We both do the same exam, how could that be? Well, that's a very good question, and the answer is - well, one possibility is that he may be a cleverer examiner than I am, okay. Another possibility is maybe that's not true. It could be that he had no pain when I saw him, but suddenly developed pain when he was seen at MGH. It's a mystery of life. Exams change, shoulder exams change, I've never quite understood it, but they do. There we are. We are not dealing with machines, we are dealing with people.

(Dep. 13-14.) When asked if there was anything in the medical records regarding the surgery that would cause him to revisit his opinion, Dr. Barnard stated:

Based on the exam that I performed on 12/23/03, his exam was normal. It was 100 percent normal. Now, how it could have changed so much in basically a month is I guess up for debate.

(Dep. 14.) Thus, though Dr. Barnard could only speculate as to the reason for the difference in his opinion and that of the employee's surgeon, nowhere did he assume the employee had suffered another injury. In his report, Dr. Barnard clearly based his opinion that the employee was no longer disabled on the § 11A examination and test results, which revealed "no evidence of objective pathology." (Dec. 4.) When presented with medical records of the employee's shoulder surgery at deposition, Dr. Barnard "[did] not alter his 11A report findings and continue[d] to opine that the employee was not a surgical candidate on December 23, 2003 and that the 11A exam was 100% normal . . . ." (Dec. 4.)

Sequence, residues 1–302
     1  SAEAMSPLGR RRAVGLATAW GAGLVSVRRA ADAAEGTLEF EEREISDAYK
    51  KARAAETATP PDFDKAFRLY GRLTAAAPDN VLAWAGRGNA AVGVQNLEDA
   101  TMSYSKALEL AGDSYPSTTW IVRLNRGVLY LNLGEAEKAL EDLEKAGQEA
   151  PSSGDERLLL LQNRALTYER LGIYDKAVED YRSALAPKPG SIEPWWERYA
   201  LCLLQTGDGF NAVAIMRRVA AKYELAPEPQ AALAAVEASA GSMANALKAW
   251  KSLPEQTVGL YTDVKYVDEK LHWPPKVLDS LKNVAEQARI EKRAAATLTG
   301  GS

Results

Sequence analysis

Next, the employee argues that the impartial physician made inappropriate credibility determinations, thereby usurping the judge's role as the ultimate arbiter of credibility. There is no support for this contention. Dr. Barnard based his determination that the employee's shoulder and neck strains were causally related to the industrial injury on the history provided by the employee and the medical records. (Dec. 4; Ex. 1, 3; Dep. 13.) The judge specifically noted that he relied on the same history given to Dr. Barnard: "I accept his credible testimony at hearing and the history furnished to Dr. Barnard that the accident happened as claimed." (Dec. 5.) The judge made it clear, however, that he credited the employee's testimony as to pain and inability to work only up to December 23, 2003, the date of the impartial examination. (Dec. 3, 5.) Thereafter, the judge adopted Dr. Barnard's opinion that the employee's injuries had resolved. (Dec. 4, 6.) This was entirely appropriate. See Taylor v. USF Logistics, Inc., 17 Mass. Workers' Comp. Rep. 182, 185 (2003)(judge cannot substitute her own lay opinion on causation or medical disability for that of the § 11A physician where the doctor had the same facts before him as did the judge). Moreover, the doctor's comments at deposition cited by the employee for the proposition that Dr. Barnard made inappropriate credibility determinations, go to initial causal relationship, which Dr. Barnard found, not to medical disability at the time of the examination. [2] As such they were harmless. Cf. Moynihan v. Wee Folks Nursery, Inc., 17 Mass. Workers' Comp. Rep. 342 (2003)(judge erred in basing causal relationship determination on impartial physician's misgivings that a specific incident occurred).